Tweed comes from a long British sartorial tradition, which has now achieved democratic popularity worldwide. The fabric conveys a low-key sophistication. If you doubt this, consider how costume designers use it in the movies. Before a word of dialogue is spoken, tweed introduces a character as cultured, elegant, upper class, intellectual, or perhaps a little unworldly. These signals are subtle, but universally shared.
Now it's time to look at how tweed is worn, by women and men, and indeed children. Tweed is suitable for almost any type of garment (except underwear!) And there's no lack of all-time classic designs that remain in vogue season after season. But we'll also suggest some more unusual or imaginative ways to include tweed in an outfit to striking effect.
A kilt is one of a man's great purchases, likely lasting him a lifetime. You need to know you're investing wisely. So you want to be confident about where your tartan comes from, who is handling your order with care, and that your kilt is made to proper traditional standards.
Scotweb CLAN is the world's only company that displays almost every rare tartan in every palette, and which even lets you design your own online. These can all be custom woven as single garment lengths for expert tailoring into kilts (and dozens more bespoke items. So who better to show you in detail how it's done?
When you order your tartan from us, our first task is to select yarn shades for your fabric, usually made with reference to our archive of historic samples that we believe to be the largest tartan library in existence. This is how we choose shades for our tartans, and ready them for production.
The next stage in weaving the tartan fabric for your kilt is called stake-warping. The lengthwise threads on a loom are called the 'warp" (the weft being the threads that cross from side to side, which we'll come on to later. Every single-width tartan we produce at DC Dalgliesh is still warped entirely by hand!
When the warp length is ready, our next task is to get it onto the loom. This is perhaps the most impressive skill of all. To make the fabric regular, each yarn thread must pass through a gate of thin vertical wires, called a heddle. Rather than thread each weave through this fine mesh over a thousand times, we keep a remnant of the last weave in place on the loom. Then we can knot the new yarns onto its tail-ends to guide the new warp through the heddle.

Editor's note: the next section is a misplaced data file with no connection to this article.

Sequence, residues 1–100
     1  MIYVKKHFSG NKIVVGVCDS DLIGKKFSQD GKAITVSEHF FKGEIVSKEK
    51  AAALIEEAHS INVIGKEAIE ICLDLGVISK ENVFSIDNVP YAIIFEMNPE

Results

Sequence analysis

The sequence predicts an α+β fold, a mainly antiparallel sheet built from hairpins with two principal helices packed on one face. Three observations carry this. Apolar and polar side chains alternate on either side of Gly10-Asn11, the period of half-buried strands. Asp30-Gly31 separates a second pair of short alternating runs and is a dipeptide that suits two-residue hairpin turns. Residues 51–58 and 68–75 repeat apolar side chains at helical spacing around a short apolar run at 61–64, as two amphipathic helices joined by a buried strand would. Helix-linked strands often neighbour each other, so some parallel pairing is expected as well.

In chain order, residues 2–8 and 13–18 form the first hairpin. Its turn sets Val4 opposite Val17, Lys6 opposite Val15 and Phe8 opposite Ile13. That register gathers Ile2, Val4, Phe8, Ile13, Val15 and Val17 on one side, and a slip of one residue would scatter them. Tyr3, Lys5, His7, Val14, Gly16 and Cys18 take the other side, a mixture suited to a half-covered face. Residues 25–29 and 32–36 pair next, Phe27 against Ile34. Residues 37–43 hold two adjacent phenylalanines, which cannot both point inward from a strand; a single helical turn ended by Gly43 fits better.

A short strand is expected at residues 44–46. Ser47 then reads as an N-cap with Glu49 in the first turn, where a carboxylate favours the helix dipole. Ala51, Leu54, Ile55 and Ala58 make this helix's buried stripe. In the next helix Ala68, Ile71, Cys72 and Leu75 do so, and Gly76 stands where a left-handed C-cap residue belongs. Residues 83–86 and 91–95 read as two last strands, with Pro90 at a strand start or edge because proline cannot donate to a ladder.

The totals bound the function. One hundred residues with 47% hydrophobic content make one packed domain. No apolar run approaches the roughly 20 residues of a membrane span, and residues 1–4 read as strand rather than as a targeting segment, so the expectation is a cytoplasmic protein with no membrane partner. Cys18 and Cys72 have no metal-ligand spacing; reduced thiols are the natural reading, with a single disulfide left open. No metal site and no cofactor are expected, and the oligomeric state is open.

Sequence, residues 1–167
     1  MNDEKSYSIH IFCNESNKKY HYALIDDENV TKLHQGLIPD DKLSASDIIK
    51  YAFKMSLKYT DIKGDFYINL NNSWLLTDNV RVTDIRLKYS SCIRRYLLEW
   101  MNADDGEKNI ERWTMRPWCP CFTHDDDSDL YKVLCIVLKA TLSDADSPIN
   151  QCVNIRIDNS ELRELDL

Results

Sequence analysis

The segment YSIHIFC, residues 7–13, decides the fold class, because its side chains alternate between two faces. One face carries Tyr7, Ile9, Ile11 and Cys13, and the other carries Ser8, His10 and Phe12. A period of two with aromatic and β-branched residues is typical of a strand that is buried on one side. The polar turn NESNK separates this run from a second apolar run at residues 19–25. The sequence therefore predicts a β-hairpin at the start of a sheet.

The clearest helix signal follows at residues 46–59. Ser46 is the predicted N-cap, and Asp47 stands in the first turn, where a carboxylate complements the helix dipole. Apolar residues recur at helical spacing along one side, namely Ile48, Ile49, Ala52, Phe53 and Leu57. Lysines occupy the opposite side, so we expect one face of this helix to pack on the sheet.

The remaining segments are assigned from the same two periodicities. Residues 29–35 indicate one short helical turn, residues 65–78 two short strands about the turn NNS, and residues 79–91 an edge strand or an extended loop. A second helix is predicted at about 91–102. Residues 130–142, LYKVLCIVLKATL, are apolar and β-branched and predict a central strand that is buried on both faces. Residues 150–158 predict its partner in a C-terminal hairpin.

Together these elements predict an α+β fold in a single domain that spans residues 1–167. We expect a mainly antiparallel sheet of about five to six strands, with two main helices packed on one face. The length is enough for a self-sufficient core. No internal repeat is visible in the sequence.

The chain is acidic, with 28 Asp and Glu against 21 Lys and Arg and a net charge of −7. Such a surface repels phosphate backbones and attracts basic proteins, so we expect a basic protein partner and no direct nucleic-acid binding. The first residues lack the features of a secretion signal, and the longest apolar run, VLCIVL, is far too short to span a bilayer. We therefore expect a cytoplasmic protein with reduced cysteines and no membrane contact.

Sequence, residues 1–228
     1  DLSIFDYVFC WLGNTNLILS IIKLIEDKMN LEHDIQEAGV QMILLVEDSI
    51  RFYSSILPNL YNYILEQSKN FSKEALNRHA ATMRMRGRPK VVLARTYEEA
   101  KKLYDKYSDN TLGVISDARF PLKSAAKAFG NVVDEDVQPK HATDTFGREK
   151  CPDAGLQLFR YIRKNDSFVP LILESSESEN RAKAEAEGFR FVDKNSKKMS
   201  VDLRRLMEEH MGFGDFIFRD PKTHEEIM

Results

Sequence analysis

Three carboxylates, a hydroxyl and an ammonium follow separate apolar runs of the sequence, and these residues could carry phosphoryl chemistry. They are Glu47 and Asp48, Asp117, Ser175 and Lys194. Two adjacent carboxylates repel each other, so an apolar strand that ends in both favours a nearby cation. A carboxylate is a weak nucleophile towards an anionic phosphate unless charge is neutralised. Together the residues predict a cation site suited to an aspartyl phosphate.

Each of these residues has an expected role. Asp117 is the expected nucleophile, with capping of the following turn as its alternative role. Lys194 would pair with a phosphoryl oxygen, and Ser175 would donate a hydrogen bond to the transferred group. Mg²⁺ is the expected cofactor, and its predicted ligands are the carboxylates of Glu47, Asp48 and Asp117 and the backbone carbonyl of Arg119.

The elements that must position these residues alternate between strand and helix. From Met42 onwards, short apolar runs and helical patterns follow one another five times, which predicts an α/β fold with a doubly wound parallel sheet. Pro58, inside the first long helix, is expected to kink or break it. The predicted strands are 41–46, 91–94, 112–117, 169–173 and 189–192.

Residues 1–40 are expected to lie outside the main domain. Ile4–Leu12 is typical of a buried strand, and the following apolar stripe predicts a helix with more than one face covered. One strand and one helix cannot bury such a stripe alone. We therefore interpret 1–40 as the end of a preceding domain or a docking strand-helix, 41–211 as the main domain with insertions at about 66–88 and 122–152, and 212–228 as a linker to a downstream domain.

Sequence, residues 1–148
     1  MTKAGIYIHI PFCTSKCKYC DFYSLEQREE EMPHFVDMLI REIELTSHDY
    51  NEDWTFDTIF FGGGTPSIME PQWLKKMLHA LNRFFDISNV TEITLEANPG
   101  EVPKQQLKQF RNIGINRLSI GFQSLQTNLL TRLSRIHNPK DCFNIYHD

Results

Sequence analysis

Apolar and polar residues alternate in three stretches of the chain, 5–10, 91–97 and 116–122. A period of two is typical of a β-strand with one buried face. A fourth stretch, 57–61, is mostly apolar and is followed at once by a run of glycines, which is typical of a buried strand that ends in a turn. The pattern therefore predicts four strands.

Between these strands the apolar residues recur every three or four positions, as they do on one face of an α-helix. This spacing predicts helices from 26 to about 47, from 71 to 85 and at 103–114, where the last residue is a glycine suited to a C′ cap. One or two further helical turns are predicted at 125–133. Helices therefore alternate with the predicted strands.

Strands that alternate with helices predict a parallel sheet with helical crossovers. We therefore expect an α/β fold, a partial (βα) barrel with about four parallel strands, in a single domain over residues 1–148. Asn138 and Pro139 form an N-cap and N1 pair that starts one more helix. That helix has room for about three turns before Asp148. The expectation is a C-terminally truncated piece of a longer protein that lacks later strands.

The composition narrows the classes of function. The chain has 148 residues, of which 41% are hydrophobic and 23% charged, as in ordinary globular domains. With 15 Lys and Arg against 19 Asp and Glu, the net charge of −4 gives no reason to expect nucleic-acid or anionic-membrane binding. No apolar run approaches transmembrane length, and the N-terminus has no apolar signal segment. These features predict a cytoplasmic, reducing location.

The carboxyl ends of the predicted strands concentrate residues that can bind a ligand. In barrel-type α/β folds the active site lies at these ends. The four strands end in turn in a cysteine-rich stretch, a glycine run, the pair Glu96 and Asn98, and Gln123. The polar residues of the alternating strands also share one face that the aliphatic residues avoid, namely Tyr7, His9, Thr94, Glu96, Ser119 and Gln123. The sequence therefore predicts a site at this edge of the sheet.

A chain is made for every job, because each tartan sett is unique. In a sense this chain is a computer program, which makes the weaving process faster. But it's a very very simple one. In fact, the barrel in which the shuttles holding the weft yarns sit has six spaces, for up to six colours.
Many firms boast about their shiny, fast, modern equipment. We beg to differ. We're proud that our oldest looms are almost a century old. Our single-width machines started life as pedal looms, and the pedals are still there. But we've bolted motors onto them nowadays to to save our weavers' legs! This choice isn't nostalgia, and nor are we luddites. Nor is it to save money either. At DC Dalgliesh we still use traditional production methods for good reason. The very finest tartans can only be produced on traditional shuttle looms. And that's something we care deeply about.
At last your tartan is visible in all its glory. But the fabric is far from ready. Two important processes remain before we can deliver to you a tartan worthy of the DC Dalgliesh name. The first of these starts with a careful inspection.
Quality control is not just a final step in our process. Our reputation relies on getting the product perfect every time. So quality always comes first. Every member of the production team is responsible for checking quality standards at every stage of the process. And if any imperfection arises they are empowered to stop for as long as it takes to rectify the issue, including re-weaving a fabric length from scratch if necessary.
Our modern word "clan" comes from clanna in Scottish Gaelic, which means "children" or "offspring". And a clan is known by its chief's surname. So it's basically an extended family, right?
No, wrong. A clan is much more than that. It's not an ethnic group at all. You don't need to descend from a common ancestor to share the benefits of belonging to a clan. As we'll explain, clans are born of social ties more than blood ties.